But even 78-84 is a hell of a lot better than 62-100 (or even 67-95, their ExW-L that year).

This off-season, Baird seems determined to prove that last year’s club was not merely the result of luck. First, let’s look at who he resigned:

Baird’s first move was to resign Leskanic for 1 year, $1.375M. Leskanic may not have been the crème of this year’s excellent crop of free agent relievers, but BP’s Relievers’ Adjusted Runs Prevented suggests that we was within spitting distance of the best (15.6 ARP, 24th best in MLB). And given what the Cubs, Mariners, and Yankees paid for Hawkins (22.3 ARP), Hasegawa (27.0 ARP), and Quantrill (22.3 ARP) and Gordon (17.3 ARP)—let alone what Foulke (26.5 ARP) will make with the Bosox or Athletics—Baird made off like a thief. Yes, he’s still recovering from surgery. But it’s an excellent risk for the Royals.

Like Leskanic, Brian Anderson also came to the Royals in 2003 via Baird’s wheelings and dealings. Anderson only had 7 starts with the Royals, but his support neutral winning percentage over those 49.2 innings was .622. Obviously, you’ve got to take sample size into account, and $6.5M over 2 years might be a little steep for someone who if everything goes right might blossom into Paul Byrd, but when Pat Hentgen signs for 1 yr, $2.2M and Kelvim Escobar for 3 yrs, $18.75M, Baird probably paid market value for Anderson.

Baird also resigned longtime Royal Joe Randa to a 1-year deal for $3.75M. Randa may only have a career .260 EqA, but last year his .269 EqA was as good as Aramis Ramirez, and better than Wes Helms, Vinny Castilla, Edgardo Alfonzo, Eric Hinske, Ty Wigginton, Adrian Beltre, Casey Blake, Robin Ventura, Joe Crede, Jeff Blum, Jeff Cirillo, and Tony Batista. In other words, as long as clubs keep moving their superstars away from playing 3B, it’s a really tough position to fill, and Baird was at least prudent enough to only make it a one-year contract.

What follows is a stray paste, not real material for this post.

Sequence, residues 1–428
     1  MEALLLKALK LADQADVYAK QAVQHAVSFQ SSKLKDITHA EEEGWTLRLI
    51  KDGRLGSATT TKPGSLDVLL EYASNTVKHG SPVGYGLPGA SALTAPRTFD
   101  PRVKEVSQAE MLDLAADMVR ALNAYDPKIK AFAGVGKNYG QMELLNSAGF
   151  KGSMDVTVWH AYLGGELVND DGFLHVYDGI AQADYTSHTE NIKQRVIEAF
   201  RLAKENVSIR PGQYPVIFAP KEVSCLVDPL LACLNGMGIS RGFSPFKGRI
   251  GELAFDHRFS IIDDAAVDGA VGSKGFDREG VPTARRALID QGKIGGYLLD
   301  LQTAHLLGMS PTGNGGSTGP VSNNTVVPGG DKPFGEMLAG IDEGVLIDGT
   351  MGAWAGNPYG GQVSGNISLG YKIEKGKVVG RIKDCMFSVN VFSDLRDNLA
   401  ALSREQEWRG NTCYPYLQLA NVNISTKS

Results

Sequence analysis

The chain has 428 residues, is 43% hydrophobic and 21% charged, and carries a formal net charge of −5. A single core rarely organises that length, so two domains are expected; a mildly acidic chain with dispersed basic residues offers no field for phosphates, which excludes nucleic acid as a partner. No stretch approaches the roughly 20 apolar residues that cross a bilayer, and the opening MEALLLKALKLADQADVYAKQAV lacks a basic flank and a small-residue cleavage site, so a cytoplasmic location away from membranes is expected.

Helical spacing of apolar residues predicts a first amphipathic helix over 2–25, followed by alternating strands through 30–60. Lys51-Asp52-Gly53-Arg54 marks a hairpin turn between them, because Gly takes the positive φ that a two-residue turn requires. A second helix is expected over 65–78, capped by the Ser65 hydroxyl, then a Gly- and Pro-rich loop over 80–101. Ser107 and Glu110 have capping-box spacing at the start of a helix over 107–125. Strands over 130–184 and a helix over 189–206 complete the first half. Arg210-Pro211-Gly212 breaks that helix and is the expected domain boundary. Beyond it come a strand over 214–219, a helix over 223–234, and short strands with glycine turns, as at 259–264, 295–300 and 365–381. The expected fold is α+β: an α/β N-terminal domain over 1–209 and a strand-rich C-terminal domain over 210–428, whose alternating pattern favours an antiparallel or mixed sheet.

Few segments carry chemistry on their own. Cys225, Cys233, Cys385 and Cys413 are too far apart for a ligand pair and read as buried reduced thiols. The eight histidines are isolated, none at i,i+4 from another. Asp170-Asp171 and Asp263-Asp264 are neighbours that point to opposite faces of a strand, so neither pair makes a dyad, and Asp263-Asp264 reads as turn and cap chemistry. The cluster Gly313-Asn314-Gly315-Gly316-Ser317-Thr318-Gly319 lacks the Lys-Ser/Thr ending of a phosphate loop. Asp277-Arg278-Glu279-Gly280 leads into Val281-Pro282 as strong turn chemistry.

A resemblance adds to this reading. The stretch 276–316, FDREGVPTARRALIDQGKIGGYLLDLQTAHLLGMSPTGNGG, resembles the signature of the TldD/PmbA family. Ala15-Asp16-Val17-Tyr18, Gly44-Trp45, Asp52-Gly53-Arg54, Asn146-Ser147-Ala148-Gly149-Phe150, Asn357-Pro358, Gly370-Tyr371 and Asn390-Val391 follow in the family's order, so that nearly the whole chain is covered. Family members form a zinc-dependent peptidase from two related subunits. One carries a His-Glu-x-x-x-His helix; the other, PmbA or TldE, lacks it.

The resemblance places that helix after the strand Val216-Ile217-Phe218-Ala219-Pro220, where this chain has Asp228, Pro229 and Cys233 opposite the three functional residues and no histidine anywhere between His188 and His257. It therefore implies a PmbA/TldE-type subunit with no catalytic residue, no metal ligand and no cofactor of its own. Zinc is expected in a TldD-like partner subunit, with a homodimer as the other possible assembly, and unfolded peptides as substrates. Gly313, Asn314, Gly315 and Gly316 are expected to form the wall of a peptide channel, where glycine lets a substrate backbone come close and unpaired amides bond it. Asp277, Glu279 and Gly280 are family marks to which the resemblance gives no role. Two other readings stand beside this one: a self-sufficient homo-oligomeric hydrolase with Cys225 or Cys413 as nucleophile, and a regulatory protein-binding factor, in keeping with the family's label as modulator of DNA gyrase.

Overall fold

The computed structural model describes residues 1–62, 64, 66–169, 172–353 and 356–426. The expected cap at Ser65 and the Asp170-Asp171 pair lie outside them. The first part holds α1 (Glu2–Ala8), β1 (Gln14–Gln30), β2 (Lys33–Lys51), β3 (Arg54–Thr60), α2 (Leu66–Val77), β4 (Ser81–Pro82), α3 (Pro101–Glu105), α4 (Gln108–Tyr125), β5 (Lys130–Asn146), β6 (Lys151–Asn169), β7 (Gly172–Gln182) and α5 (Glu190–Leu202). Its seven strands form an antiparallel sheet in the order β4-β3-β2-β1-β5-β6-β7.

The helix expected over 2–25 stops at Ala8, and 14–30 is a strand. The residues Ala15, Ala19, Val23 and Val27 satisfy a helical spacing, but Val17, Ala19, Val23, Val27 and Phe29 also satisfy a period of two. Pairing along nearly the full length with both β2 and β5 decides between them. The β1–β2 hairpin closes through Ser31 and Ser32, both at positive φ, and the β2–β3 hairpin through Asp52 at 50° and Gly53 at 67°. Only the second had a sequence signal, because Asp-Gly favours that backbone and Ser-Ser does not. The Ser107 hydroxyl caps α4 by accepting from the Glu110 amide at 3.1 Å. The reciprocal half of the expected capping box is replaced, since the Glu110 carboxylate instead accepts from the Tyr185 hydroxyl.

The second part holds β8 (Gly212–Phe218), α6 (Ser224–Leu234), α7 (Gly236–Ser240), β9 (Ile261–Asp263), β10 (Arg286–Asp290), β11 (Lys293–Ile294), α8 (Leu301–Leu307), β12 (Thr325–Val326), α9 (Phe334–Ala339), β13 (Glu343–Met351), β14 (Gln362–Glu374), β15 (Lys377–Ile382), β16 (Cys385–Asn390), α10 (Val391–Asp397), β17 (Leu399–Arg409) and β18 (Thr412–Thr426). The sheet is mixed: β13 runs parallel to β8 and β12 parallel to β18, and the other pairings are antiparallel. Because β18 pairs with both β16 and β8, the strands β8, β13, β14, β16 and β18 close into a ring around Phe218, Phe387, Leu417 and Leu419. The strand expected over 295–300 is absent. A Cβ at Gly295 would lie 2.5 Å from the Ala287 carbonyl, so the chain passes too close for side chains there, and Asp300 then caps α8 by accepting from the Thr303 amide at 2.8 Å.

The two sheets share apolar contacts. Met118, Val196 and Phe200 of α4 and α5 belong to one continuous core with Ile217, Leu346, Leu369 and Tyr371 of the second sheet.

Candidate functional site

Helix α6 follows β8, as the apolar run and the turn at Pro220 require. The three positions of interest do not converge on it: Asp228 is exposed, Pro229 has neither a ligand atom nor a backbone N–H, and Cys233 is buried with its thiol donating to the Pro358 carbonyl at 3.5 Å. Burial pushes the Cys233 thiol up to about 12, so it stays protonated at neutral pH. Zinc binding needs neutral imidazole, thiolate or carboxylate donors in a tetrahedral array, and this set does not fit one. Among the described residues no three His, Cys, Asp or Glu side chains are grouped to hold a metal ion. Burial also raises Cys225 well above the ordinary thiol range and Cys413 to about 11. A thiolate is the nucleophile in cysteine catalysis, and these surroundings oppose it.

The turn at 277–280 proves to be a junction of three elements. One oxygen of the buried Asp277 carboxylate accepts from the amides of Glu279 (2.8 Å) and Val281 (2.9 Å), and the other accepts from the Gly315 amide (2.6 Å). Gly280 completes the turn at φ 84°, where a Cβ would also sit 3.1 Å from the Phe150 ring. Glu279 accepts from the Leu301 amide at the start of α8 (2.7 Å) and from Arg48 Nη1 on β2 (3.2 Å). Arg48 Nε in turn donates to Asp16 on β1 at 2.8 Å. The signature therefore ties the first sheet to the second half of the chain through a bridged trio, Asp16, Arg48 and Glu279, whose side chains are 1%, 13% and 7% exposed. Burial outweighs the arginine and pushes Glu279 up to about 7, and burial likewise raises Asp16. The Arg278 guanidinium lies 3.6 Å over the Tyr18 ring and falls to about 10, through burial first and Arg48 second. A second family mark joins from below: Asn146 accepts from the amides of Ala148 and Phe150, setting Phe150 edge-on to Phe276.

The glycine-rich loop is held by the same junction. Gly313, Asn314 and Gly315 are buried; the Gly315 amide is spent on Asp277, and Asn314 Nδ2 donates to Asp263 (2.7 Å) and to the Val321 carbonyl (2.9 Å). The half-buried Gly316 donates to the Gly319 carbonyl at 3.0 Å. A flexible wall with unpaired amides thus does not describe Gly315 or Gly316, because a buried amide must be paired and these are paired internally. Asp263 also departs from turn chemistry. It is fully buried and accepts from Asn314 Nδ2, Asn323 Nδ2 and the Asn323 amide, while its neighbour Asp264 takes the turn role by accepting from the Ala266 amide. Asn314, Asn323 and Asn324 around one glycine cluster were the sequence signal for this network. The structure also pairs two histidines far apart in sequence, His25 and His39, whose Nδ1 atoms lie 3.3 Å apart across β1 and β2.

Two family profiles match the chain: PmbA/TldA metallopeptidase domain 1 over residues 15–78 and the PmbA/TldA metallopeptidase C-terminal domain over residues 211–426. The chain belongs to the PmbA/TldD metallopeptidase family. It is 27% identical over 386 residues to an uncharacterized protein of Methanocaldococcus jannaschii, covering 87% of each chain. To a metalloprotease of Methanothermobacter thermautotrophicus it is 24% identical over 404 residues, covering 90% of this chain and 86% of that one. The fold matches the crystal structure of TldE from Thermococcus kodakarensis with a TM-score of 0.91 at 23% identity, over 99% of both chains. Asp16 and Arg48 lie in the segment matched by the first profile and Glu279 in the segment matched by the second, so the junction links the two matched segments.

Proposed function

Yet what really caught my eye was the signing of Matt Stairs. Baird couldn’t compete with the Mariners’ GM Bill Bavasi’s offer of 3 years, $13.25M to keep Raul Ibanez (nor should he have). And while Stairs may not be the answer to replace Ibanez as the everyday LF, he might turn out to be this year’s David Ortiz. In limited playing time with the Pirates last year, the left-handed Stairs hit .313 EqA. (Ortiz hit .316 EqA; Ibanez only .269 EqA.) Stairs isn’t a spring chicken, but he’s a career .290 EqA who’s showing little sign of slowing down. From the DH spot he can give the Royals some much-needed pop against right-handed pitching. Best of all, the deal is 1 year, $1M. (I never thought I'd see the day when I'd say that the Royals have a smarter manager than the Mariners.)

(I'll save comments on the reported Scott Sullivan signing until I see the terms, but even if I'm less than enthused about Sullivan being little more than league average [3.5 ARP this year, -12.4 ARP in '02, 16.6 ARP in '01--yes, relievers are wacky], that's still a substantial upgrade for what was one of the worst bullpens in baseball [-32.2 ARP, 27th place].)

Boy, what book do you think is on Baird’s bedside table these days? No more Jermaine Dye for Neifi Perez deals that’s for sure.

I think it’s time to give Baird some credit. Most of us don’t learn from our mistakes—or at least we aren’t given the chance to learn from them in such a high pressure, high profile job like GM.

And as the White Sox’s ace becomes an Angel, and the Twins lose their best bullpen arms and then spend too much on Jayson Stark’s MVP given their organizational depth in the OF, the Royals are looking more and more like legitimate contenders in the AL Central… If Sweeney can stay healthy, and Baird can hold on to Carlos Beltran (or at least get full value in return, like Minaya did for Vazquez), are the Royals, dare I say it, the favourites?